In this game, the machines have the upper hand. The algorithms can immediately adjust for a chief executive’s idiosyncratic styles.

A certain CEO might routinely use the word “challenging” and its absence would be more telling while one that never uses the word would be sending as powerful signal by doing so.

Body language

Machines are still unable to pick up non-verbal cues, such as a physical twitch ahead of an answer, but experts predict it’s only a matter of time before they can do this as well.

Where this will all end, and the impact it will have on speechwriters, presentation coaches, investor relations, and PR professionals is open to speculation.

Usually when machine and men collide, it’s the machines that have the upper hand.

Speechwriting in the Zoom era

Jeff Nussbaum and Kate Childs Graham, the 2020 Democratic convention speechwriters, have written a fascinating article in the Washington Post detailing how the ‘Zoom era’ has radically transformed political speechwriting.

While this probably won’t cause Bob Lehrman to tear up the guidance in his excellent book The Political Speechwriter’s Companion, it shows how the future of political rhetoric has been affected by the pandemic that required the prerecorded speakers at the convention to deliver speeches without a stage, an arena, or a live audience.

More is less

Nussbaum and Graham list the speechwriting techniques they used to script remarks for maximum impact, including:

  • Speaking at 150-170 words per minute vs. the 125 typical when speakers in front of a live audience pause for laughter or applause.
  • Cutting extraneous content to fit in tight 2 1/2 minute timeframes (the average length of a speech at this virtual convention).
  • Dropping the rhetorical techniques of “call-and-response” or “litany” (eg. ending each section with a phrase like “Yes, we can.”)
  • Delivering the headline message upfront, not burying the message in a lengthy speech.
  • Dealing with the loss of the lectern — as TED talks have. Absent that visual crutch bestowing authority on the speaker, the venue supplemented the message: Kasich at the crossroads; Jill Biden in the classroom she once taught in.
  • Invoking feelings via storytelling “As neuroscientist Antonio Damasio once put it, humans are feeling machines that think, not thinking machines that feel.” Hence the more memorable remarks were delivered by everyday people — the young man who stuttered, the lady whose father had believed Trump’s message on COVID-19 and died for his beliefs.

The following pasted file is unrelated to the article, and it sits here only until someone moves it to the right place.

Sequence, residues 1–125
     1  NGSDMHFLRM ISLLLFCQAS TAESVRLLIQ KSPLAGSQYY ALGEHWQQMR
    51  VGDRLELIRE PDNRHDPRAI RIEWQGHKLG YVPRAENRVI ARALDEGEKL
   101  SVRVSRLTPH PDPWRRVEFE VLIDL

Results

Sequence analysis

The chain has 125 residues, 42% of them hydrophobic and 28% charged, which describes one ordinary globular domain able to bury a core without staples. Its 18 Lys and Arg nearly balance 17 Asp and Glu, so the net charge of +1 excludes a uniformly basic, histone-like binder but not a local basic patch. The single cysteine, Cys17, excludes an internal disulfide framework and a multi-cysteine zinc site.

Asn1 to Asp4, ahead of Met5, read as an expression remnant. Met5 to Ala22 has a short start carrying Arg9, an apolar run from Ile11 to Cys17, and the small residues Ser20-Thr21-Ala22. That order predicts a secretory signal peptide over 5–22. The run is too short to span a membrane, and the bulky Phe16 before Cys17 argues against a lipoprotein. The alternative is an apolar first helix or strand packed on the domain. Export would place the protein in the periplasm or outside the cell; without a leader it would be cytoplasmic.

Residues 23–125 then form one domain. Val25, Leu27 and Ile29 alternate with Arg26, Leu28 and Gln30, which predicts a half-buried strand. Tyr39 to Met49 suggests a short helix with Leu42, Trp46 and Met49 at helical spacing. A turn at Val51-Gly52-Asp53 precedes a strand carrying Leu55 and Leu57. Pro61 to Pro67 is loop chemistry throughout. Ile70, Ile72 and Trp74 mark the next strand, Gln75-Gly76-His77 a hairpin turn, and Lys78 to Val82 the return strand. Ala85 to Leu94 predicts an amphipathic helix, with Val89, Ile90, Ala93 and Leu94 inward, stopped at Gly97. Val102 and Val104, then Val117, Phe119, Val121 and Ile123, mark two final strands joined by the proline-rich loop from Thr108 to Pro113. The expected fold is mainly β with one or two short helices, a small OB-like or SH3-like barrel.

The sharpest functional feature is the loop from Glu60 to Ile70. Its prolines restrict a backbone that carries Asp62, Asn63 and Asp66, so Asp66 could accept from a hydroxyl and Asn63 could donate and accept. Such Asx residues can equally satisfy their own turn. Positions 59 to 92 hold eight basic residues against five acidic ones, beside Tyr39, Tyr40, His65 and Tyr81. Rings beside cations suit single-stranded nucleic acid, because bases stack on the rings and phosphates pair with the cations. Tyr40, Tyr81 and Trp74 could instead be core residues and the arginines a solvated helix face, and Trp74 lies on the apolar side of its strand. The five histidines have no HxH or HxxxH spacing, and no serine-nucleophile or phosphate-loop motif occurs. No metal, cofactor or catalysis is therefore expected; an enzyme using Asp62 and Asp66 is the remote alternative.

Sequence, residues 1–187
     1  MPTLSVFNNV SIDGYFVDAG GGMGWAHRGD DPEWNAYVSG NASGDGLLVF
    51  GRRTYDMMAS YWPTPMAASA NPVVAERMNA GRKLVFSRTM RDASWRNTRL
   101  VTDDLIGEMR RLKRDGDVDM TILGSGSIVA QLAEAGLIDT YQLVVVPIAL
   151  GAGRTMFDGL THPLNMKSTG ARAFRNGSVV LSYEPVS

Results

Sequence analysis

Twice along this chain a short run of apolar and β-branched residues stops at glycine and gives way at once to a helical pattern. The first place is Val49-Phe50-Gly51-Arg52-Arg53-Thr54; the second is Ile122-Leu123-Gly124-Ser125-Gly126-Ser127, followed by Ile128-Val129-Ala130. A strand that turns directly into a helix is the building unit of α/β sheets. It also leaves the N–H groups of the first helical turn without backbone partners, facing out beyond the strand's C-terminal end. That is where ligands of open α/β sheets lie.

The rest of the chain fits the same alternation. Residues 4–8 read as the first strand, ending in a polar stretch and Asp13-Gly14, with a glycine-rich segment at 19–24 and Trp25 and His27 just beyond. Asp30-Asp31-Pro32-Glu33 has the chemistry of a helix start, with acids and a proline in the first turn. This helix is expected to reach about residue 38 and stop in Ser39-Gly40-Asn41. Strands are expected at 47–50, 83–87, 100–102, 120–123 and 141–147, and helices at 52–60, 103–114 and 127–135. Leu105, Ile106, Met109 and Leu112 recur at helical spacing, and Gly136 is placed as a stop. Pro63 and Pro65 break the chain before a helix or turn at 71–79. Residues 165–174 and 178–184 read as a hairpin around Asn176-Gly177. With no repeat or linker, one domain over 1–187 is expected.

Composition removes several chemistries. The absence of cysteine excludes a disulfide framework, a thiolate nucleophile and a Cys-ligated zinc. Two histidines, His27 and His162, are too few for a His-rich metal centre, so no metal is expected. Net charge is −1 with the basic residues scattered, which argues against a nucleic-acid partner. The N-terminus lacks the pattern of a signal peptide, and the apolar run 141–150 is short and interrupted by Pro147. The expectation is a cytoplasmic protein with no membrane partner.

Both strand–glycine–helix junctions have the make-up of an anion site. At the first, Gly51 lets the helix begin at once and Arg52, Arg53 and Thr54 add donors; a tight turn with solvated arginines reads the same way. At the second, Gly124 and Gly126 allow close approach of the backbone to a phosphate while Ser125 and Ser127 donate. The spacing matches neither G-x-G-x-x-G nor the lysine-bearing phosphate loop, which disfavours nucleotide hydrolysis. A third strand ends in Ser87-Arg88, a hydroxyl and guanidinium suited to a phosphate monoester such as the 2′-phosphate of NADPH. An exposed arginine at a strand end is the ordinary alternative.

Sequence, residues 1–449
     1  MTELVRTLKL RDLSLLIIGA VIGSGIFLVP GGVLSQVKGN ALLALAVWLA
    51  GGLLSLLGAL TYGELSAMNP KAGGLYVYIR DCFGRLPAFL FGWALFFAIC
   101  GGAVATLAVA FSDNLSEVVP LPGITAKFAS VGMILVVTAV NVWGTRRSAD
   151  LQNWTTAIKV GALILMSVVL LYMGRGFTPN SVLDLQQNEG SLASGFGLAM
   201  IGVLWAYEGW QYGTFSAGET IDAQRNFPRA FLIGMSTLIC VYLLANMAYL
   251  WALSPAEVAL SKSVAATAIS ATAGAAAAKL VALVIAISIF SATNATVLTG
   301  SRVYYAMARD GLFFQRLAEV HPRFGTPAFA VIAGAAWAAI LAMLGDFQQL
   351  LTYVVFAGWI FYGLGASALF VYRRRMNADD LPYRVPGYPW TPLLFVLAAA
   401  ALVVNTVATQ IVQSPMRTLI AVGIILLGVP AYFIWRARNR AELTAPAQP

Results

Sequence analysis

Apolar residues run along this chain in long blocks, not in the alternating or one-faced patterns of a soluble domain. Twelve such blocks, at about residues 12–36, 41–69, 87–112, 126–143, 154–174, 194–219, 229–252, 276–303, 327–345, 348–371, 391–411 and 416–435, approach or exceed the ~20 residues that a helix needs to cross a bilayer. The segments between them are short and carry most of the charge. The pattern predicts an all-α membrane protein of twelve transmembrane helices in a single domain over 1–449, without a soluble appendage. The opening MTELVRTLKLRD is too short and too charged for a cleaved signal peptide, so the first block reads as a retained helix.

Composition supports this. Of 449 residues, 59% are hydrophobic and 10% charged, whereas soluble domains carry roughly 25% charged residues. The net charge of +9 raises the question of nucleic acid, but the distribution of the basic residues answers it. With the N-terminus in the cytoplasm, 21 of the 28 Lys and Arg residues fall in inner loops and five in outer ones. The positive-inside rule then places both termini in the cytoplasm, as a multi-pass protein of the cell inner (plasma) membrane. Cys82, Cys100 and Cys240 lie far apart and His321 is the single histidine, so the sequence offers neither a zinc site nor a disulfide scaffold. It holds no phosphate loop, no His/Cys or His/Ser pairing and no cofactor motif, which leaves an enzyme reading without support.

Michelle

Ironically, the one speech the professional writers did not script was the one many consider among the most powerful — delivered by Michelle Obama. The authors note:

She didn’t speak to 20 million television viewers: she spoke to one viewer in an intimate conversation that happened to take place 20 million times.

Recommended: Korean Romantic Dramas

These are unusual times. A challenge we all face as the minimize the spread of the coronavirus is how to stay healthy and sane in the growing regions of the world where we’ve been asked to stay indoors.

An antidote to the ‘self-isolation blues’ is to lose yourself in a good TV series. Apologies to anyone who has already found the genre of ‘K-Dramas’ but there’s a vast number of ‘Korean Romantic Dramas’ available on Netflix.

My wife and I have just discovered Something in the Rain which is a classic ‘boy meets girl’ chick-flick wrapped in bizarre scenes of drunken office workers singing karaoke; Tiger Mom’s who put Felicity Huffman & Lori Loughlin to shame; drunken girlfriends out on the town who just wanna have fun; creepy salarymen who predate #MeToo by about 1,000 years behaving badly; and a parade of fashionably dressed young people wearing winter coats that would be at home on the Upper West Side in Manhattan.

It segues into an awesome soundtrack (check it out on Spotify) featuring (I kid you not) two versions of ‘Stand by Your Man’ sung by past-French-President Nicolas Sarkozy’s wife Carla Bruni and a second by Tammy Wynette; first The Cats and then Bruce Willis’s version of ‘Save the Last Dance for Me’ (but not the quintessential one by The Deighton Family of their glorious Rolling Home album–in itself an antidote to isolation); and Daydream Believer by Mary Beth Maziarz.

But wait, there’s more! it’s educational. In every scene filmed in a car, there’s a dashboard camera attached to the rear-view mirror. Apparently “South Korean cars have them as a deterrent for scammers who throw themselves onto the windscreens of slow-moving cars in a bid to claim insurance money. … The vast majority of South Korean car owners use them — primarily for insurance purposes.” Who knew?

Highly recommended — it’s sure to warm your Seoul (geddit?)